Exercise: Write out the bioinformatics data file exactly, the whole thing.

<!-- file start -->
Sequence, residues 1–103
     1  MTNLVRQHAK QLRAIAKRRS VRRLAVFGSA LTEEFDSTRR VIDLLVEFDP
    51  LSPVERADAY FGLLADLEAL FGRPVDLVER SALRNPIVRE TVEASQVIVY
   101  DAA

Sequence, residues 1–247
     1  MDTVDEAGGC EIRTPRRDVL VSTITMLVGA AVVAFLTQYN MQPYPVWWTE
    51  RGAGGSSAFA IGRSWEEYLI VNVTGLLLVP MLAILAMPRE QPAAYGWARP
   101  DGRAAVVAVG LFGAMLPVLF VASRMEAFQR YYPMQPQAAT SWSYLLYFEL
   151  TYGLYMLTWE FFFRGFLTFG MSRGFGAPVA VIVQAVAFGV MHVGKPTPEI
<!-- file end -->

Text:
Sequence, residues 1–103
     1  MTNLVRQHAK QLRAIAKRRS VRRLAVFGSA LTEEFDSTRR VIDLLVEFDP
    51  LSPVERADAY FGLLADLEAL FGRPVDLVER SALRNPIVRE TVEASQVIVY
   101  DAA

Sequence, residues 1–247
     1  MDTVDEAGGC EIRTPRRDVL VSTITMLVGA AVVAFLTQYN MQPYPVWWTE
    51  RGAGGSSAFA IGRSWEEYLI VNVTGLLLVP MLAILAMPRE QPAAYGWARP
   101  DGRAAVVAVG LFGAMLPVLF VASRMEAFQR YYPMQPQAAT SWSYLLYFEL
   151  TYGLYMLTWE FFFRGFLTFG MSRGFGAPVA VIVQAVAFGV MHVGKPTPEI